Sedentary Work Exerting up to 10 pounds (4.5 kg) of force occasionally and/or a negligible amount of force frequently or constantly to lift, carry, push, pull, or otherwise move objects, including the human body. Sedentary work involves sitting most of the time, but may involve walking or standing for brief periods of time. Jobs are sedentary if walking and standing are required only occasionally and other sedentary criteria are met.

Light Work Exerting up to 20 pounds (9.1 kg) of force occasionally and/or up to 10 pounds (4.5 kg) of force frequently, and/or negligible amount of force constantly to move objects. Physical demand requirements are in excess of those for Sedentary Work. Light Work usually requires walking or standing to a significant degree. However, if the use of the arm and/or leg controls requires exertion of forces greater than that for Sedentary Work and the worker sits most the time, the job is rated Light Work.

Medium Work Exerting up to 50 (22.7 kg) pounds of force occasionally, and/or up to 25 pounds (11.3 kg) of force frequently, and/or up to 10 pounds (4.5 kg) of forces constantly to move objects.

Heavy Work Exerting up to 100 pounds (45.4 kg) of force occasionally, and/or up to 50 pounds (22.7 kg) of force frequently, and/or in excess of 20 pounds (9.1 kg) of force constantly to move objects.

Very Heavy Work Exerting in excess of 100 pounds (45.4 kg) of force occasionally, and/or in excess of 50 pounds (22.7 kg) of force frequently, and/or in excess of 20 pounds (9.1 kg) of force constantly to move objects.

Job Classification

In most duration tables, five job classifications are displayed. These job classifications are based on the amount of physical effort required to perform the work. The classifications correspond to the Strength Factor classifications described in the United States Department of Labor's Dictionary of Occupational Titles. The following definitions are quoted directly from that publication.

Sedentary Work Exerting up to 10 pounds (4.5 kg) of force occasionally and/or a negligible amount of force frequently or constantly to lift, carry, push, pull, or otherwise move objects, including the human body. Sedentary work involves sitting most of the time, but may involve walking or standing for brief periods of time. Jobs are sedentary if walking and standing are required only occasionally and other sedentary criteria are met.

Light Work Exerting up to 20 pounds (9.1 kg) of force occasionally and/or up to 10 pounds (4.5 kg) of force frequently, and/or negligible amount of force constantly to move objects. Physical demand requirements are in excess of those for Sedentary Work. Light Work usually requires walking or standing to a significant degree. However, if the use of the arm and/or leg controls requires exertion of forces greater than that for Sedentary Work and the worker sits most the time, the job is rated Light Work.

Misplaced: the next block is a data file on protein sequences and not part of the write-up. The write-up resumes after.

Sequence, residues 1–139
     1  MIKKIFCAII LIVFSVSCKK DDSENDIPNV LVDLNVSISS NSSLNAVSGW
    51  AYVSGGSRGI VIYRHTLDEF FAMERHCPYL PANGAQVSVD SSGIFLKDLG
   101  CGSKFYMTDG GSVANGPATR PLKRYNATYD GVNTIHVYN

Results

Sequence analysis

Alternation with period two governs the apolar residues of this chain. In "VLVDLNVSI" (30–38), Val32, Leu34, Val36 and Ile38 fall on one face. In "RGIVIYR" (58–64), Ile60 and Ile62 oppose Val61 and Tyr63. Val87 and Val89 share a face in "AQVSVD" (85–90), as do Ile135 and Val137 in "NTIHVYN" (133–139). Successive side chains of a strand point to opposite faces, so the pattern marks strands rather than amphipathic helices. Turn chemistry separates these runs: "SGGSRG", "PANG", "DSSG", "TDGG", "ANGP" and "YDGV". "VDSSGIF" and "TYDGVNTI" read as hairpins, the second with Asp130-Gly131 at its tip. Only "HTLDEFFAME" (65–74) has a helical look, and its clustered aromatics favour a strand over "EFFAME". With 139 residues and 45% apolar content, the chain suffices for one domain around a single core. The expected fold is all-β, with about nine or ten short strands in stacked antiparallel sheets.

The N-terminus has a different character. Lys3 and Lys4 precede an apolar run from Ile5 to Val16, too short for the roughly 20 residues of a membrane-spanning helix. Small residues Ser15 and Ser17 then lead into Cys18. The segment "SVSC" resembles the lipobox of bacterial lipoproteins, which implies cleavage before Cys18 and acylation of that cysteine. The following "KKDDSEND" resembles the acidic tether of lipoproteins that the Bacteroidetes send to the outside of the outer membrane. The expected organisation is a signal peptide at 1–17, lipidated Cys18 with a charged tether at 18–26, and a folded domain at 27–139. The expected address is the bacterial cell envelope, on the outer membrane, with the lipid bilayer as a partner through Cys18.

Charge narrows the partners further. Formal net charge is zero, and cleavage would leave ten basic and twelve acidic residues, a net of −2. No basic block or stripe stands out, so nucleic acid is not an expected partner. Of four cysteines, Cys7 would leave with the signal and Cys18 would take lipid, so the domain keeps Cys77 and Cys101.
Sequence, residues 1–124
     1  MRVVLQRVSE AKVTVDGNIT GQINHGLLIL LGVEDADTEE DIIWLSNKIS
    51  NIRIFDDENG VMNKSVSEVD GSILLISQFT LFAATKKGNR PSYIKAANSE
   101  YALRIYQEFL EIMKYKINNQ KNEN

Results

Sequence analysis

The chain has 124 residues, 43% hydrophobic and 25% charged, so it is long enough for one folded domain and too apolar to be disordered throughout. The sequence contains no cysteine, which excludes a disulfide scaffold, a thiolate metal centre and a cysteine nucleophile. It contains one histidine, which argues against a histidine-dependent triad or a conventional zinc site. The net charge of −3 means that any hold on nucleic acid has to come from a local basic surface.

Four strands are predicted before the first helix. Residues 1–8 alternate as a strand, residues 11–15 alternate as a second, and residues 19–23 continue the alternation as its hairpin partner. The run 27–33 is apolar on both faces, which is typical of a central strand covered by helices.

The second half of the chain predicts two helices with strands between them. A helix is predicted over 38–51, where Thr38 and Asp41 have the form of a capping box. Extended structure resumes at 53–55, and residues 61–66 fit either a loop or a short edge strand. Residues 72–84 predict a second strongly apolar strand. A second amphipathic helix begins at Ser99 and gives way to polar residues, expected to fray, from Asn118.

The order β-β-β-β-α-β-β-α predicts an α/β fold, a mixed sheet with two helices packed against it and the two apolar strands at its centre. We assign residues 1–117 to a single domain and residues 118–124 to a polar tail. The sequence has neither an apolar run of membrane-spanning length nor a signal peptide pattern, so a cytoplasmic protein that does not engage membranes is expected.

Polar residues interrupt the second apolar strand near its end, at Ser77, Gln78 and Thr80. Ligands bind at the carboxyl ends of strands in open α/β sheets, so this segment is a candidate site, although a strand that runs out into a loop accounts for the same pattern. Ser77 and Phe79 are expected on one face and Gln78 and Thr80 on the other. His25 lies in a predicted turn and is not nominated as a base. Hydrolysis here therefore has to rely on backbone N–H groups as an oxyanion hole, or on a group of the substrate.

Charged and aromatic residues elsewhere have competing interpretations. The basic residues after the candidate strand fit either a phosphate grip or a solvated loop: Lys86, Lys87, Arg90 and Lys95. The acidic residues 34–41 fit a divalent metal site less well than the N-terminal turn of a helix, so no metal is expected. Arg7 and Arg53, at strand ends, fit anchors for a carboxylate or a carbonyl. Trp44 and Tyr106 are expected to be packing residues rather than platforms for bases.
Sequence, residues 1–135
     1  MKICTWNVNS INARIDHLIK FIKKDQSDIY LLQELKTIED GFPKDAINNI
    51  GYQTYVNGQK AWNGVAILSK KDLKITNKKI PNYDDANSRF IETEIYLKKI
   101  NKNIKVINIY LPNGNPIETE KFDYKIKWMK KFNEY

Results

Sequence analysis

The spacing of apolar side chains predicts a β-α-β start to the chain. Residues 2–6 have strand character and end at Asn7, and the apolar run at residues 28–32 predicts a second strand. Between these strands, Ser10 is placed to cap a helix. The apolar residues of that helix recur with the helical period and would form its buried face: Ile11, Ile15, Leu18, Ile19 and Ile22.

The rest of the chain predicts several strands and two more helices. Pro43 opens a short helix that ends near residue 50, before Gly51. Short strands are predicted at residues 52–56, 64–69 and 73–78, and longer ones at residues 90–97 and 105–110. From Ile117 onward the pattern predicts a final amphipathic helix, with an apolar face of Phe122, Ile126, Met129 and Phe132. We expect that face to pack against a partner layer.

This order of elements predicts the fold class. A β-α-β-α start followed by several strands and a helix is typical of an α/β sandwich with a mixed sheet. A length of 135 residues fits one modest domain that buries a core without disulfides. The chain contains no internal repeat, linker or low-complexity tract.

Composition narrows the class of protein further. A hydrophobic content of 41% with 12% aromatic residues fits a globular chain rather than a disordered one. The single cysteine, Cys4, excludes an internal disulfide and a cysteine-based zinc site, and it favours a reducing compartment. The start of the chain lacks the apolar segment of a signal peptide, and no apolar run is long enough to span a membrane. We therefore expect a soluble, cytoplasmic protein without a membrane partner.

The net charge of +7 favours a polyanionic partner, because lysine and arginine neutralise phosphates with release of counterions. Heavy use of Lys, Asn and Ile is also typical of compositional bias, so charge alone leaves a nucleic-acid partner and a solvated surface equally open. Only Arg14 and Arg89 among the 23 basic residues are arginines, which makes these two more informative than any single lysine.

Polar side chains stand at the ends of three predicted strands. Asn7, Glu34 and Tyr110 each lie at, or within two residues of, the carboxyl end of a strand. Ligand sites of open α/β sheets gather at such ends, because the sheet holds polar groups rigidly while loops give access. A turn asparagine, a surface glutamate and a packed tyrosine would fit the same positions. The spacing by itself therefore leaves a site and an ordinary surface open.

Medium Work Exerting up to 50 (22.7 kg) pounds of force occasionally, and/or up to 25 pounds (11.3 kg) of force frequently, and/or up to 10 pounds (4.5 kg) of forces constantly to move objects.

Heavy Work Exerting up to 100 pounds (45.4 kg) of force occasionally, and/or up to 50 pounds (22.7 kg) of force frequently, and/or in excess of 20 pounds (9.1 kg) of force constantly to move objects.

Very Heavy Work Exerting in excess of 100 pounds (45.4 kg) of force occasionally, and/or in excess of 50 pounds (22.7 kg) of force frequently, and/or in excess of 20 pounds (9.1 kg) of force constantly to move objects.

Aortic Insufficiency


Related Terms

  • Acute Aortic Insufficiency
  • Aortic Incompetence
  • Aortic Regurgitation
  • Chronic Aortic Insufficiency
  • Chronic/Acute Aortic Insufficiency

Differential Diagnosis

  • Bacterial endocarditis
  • Cardiac conditions associated with heart murmur
  • Congestive heart failure (CHF)
  • Mitral stenosis
  • Mitral valve prolapse
  • Myocardial infarction (MI)
  • Pulmonic regurgitation
  • Tricuspid stenosis
  • Ventricular septal defect

Specialists

  • Cardiovascular Internist
  • Thoracic Surgeon

Comorbid Conditions

  • Connective tissue disorders
  • Coronary artery disease
  • Diabetes
  • Hypertension
  • Obesity

Factors Influencing Duration

Disability varies with severity of disease at initial diagnosis, contributing underlying heart disease, whether the individual undergoes surgery, complications after surgery, age of the individual, and response to treatment.

Medical Codes

ICD-9-CM:
396.3 - Mitral Valve Insufficiency and Aortic Valve Insufficiency
746.4 - Congenital Insufficiency of Aortic Valve; Bicuspid Aortic Valve; Congenital Aortic Insufficiency

Overview